By George Mesthos
In 1819, American diplomacy in Florence got off to a rough start. U.S. Consul Thomas Appleton at Livorno designated Florentine Giacomo “James” Ombrosi to represent the United States interests in the capital of the Grand Duchy of Tuscany; however, the Grand Duke refused to recognize his credentials. Ombrosi improvised as a “Black Market Consul,” living outside the medieval walls and setting up shop at a cafe to provide services. In 1823, U.S. President James Monroe named Ombrosi as consul, but it was not until Tuscany became part of the nascent Kingdom of Italy in 1860 that the host government formally recognized a U.S. Consul General in Florence.
Many aspects of those early consuls’ work are familiar today. They shepherded American authors and artists, defended U.S. commercial interests and carried out citizen services like jail and hospital visits. Other aspects, like running guns to revolutionaries in Greece, are a thing of the past.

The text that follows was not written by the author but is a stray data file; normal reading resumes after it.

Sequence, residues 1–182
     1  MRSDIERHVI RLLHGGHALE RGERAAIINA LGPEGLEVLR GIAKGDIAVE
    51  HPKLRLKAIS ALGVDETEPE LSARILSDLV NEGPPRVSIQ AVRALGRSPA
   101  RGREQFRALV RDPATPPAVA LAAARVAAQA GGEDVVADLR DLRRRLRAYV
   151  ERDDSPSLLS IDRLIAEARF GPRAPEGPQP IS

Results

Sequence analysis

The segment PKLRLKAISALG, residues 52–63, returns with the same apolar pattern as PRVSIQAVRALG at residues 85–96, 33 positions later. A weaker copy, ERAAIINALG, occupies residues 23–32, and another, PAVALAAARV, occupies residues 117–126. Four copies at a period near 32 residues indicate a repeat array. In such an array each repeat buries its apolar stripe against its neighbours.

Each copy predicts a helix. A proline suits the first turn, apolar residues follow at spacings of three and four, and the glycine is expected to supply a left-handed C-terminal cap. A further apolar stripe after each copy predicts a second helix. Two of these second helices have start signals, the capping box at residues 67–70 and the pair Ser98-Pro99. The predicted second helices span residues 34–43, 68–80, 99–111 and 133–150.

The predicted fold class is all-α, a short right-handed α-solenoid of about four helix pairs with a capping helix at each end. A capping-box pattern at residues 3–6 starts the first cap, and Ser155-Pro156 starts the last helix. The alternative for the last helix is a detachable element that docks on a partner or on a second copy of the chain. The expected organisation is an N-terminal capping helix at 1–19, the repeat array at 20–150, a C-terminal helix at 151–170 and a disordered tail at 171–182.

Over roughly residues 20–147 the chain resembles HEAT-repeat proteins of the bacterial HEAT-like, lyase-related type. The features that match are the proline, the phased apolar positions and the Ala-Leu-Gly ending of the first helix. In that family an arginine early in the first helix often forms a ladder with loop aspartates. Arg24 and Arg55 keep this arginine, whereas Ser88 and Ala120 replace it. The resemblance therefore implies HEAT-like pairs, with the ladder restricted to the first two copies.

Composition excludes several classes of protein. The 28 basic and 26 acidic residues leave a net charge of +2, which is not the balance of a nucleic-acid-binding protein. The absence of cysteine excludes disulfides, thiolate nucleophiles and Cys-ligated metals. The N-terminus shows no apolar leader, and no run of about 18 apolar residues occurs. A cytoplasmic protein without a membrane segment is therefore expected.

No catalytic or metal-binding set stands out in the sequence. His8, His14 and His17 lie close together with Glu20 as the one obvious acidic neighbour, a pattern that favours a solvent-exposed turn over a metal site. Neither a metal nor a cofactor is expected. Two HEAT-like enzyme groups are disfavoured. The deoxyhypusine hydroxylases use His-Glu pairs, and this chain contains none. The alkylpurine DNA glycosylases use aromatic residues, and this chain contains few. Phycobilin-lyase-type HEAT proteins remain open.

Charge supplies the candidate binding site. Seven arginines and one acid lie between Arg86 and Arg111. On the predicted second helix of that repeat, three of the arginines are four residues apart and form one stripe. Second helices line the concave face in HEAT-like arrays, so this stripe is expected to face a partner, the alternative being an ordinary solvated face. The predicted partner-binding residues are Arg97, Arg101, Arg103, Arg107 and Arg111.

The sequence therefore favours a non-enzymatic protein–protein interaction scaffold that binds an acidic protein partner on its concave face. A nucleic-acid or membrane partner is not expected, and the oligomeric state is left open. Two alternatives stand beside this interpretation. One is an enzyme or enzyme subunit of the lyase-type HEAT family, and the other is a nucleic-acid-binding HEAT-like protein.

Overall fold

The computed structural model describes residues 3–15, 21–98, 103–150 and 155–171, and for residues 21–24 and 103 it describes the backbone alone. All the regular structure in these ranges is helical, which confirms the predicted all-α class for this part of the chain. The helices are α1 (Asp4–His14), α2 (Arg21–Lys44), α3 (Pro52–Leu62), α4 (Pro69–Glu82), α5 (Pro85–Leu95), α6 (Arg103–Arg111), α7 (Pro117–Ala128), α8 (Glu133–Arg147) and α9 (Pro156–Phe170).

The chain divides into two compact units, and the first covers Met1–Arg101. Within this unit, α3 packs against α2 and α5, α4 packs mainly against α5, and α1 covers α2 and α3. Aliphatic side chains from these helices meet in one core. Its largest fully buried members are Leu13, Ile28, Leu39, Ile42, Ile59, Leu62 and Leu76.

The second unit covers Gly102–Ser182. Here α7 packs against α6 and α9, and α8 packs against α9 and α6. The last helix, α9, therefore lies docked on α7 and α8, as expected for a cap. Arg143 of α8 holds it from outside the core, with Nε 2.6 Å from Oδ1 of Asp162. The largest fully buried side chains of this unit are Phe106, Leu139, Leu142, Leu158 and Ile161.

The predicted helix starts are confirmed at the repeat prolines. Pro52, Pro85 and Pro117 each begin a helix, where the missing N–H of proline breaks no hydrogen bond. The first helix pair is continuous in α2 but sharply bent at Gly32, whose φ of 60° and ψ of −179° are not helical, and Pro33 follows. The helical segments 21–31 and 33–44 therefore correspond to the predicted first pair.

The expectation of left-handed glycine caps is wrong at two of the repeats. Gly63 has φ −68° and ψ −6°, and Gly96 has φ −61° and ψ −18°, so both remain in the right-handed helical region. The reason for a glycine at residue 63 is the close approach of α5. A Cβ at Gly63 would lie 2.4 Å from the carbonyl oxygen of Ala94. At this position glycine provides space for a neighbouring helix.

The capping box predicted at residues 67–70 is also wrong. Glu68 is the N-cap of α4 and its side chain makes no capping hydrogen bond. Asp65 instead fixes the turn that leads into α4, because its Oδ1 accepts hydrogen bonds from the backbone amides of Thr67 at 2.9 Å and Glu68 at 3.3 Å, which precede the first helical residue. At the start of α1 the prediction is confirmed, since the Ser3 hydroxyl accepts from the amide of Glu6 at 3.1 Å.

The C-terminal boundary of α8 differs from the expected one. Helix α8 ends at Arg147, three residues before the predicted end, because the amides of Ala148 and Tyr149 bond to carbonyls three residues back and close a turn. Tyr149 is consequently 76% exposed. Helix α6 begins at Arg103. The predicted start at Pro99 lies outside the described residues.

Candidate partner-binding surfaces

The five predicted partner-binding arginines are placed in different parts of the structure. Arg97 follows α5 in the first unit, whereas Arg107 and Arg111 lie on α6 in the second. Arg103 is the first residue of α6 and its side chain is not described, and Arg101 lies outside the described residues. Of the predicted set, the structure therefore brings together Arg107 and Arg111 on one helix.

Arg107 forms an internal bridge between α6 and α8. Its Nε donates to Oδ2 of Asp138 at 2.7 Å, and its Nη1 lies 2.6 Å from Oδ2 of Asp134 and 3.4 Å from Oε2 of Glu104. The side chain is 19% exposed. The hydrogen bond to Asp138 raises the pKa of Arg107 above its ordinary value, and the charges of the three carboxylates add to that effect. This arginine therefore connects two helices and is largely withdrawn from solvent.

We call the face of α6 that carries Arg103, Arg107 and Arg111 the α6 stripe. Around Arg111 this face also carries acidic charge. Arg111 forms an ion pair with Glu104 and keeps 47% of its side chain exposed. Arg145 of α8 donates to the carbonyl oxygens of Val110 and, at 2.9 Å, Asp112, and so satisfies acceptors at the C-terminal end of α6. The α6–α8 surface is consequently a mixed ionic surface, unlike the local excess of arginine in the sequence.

Over two centuries in Florence, the consulate general has witnessed the birth of modern Italy, Florence’s brief tenure as its capital, two world wars, the Cold War and the rapid growth of the presence of American investors and students. The millions of personal ties forged over 200 years together has strengthened one of America’s most enduring bilateral relationships.
To celebrate the bicentennial of this bilateral relationship, ConGen Florence took a decidedly 21st century approach. Using the hashtags #Insieme200 or #Together200, consulate staff used social media to link contemporary stories of partnership to many historical examples of the shared U.S.-Florence experience.
The hashtag is allowing ConGen Florence to collect a treasure trove of digitized images and stories of collaboration between American, Italian and Sammarinese then and now. These stories are being told by artists and abolitionists, Buffalo Soldiers and Monuments Men, tourists, students and even former presidents.
To view the stories, visit the hashtags #Insieme200 or #Together200 on Facebook and Twitter.
George Mesthos is vice consul at Consulate General Florence.